He was born in 1928, in Pittsburgh. By the time he was 18 he was a good enough musician to join Benny Carter's big band and two years later he was touring with George Hudson's orchestra in a line-up which included the future Count Basie arranger Ernie Wilkins and the pianist Fritz Jones, who later changed his name to Ahmad Jamal.
Turrentine worked with the big bands of Billy Eckstine and Dizzy Gillespie and in 1951 he was briefly with Count Basie. The following year he joined a small group led by the saxophonist and vocalist Gay Crosse which also included a young John Coltrane. Then in 1953 both Turrentine brothers were employed by Earl Bostic. They were given no solos but were present on some of Bostic's major selling records such as Off Shore.
Turrentine's highest profile was in the 1960s. After working as a member of the drummer Max Roach's sextet in 1959 and 1960 he became a busy freelance musician based in New York. He was called upon to play on several important sessions for the Blue Note company following appearances on record with Roach and the singer Abbey Lincoln.
His work on the pianist Sonny Clark's Leapin' and Lopin' (1961) drew critical praise and Blue Note were quick to employ his talents on further LPs under the leadership of the pianist Horace Parlan, the organist John Patton, the alto-saxophonist Jackie McLean and Lou Donaldson, as well as pairing him off with his brother Stanley on Jubilee Shout. But, apart from one occasion when he fronted the Max Roach Sextet under his own name for the Time Label (later re-issued by the Bainbridge company), he was not called upon to act as a leader himself.
Early in 1964 he worked briefly in the "Five Spot" club in New York with an ephemeral Charlie Mingus group but his appearances on record were sparse. The avant-garde saxophonist Archie Shepp chose him as a partner for his Mama Too Tight album made for the Impulse label in 1966, but such engagements were few and far between. As his brother's popularity increased, by way of records with the organist Shirley Scott and programmes of tunes slanted at a wider audience, so Tommy Turrentine's public image faded. One of his last-known recording sessions was with the orchestra pianist Sun Ra in the Eighties.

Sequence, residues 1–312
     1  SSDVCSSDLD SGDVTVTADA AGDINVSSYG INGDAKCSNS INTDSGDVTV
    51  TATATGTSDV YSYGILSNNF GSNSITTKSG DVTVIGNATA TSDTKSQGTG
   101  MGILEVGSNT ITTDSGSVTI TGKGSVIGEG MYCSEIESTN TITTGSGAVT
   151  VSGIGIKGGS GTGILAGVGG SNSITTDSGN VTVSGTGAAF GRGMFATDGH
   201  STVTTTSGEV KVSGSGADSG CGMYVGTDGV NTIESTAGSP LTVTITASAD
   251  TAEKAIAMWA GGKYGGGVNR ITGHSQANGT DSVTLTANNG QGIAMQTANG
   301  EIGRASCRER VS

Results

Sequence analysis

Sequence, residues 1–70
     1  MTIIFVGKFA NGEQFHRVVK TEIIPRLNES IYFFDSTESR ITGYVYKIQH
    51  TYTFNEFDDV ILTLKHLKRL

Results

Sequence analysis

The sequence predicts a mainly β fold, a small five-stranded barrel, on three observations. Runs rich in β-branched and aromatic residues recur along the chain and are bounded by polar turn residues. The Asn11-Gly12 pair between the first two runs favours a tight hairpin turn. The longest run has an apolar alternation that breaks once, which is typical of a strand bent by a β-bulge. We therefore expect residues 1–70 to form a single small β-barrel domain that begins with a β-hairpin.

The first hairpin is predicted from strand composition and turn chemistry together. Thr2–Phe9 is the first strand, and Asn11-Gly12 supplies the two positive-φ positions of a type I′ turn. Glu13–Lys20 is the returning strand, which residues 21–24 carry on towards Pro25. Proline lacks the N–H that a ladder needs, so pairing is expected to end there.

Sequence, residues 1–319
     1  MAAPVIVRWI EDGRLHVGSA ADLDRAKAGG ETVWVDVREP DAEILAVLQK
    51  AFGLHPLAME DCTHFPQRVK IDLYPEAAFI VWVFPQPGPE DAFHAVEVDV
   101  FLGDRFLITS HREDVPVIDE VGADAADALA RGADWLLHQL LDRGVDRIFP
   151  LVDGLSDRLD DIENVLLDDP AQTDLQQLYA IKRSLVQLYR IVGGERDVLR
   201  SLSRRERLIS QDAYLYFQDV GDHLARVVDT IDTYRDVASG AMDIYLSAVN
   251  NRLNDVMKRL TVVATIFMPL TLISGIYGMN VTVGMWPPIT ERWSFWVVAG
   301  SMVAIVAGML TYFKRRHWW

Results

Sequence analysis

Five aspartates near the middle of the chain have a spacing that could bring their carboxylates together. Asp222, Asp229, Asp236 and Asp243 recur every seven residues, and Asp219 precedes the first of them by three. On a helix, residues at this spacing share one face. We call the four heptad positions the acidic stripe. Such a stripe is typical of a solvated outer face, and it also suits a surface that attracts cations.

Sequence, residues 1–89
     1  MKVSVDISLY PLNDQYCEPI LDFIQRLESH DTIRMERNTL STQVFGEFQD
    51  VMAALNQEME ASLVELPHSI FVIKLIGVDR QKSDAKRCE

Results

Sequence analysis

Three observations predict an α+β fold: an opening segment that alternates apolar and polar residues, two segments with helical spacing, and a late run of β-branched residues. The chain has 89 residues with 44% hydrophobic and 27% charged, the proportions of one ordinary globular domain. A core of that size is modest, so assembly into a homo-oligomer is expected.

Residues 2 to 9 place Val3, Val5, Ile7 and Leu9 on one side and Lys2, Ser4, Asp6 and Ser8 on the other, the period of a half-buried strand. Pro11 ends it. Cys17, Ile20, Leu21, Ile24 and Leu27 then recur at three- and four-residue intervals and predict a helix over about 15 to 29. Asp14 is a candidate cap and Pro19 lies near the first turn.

As a trumpet soloist Turrentine had all the qualities necessary for greatness. He had a full, warm tone throughout the range of the instrument and possessed the ability to create solos using long unbroken lines. His flair for melodic improvisation using long climaxes often contrasted sharply with the more disjointed creations of younger men who seemed anxious to brush aside convention.
For a man of his stature he is not well represented on record today, but that does not lessen the impact of his passing.
Thomas Walter Turrentine, trumpeter: born Pittsburgh, Pennsylvania 22 April 1928; died New York 13 May 1997.Reuse content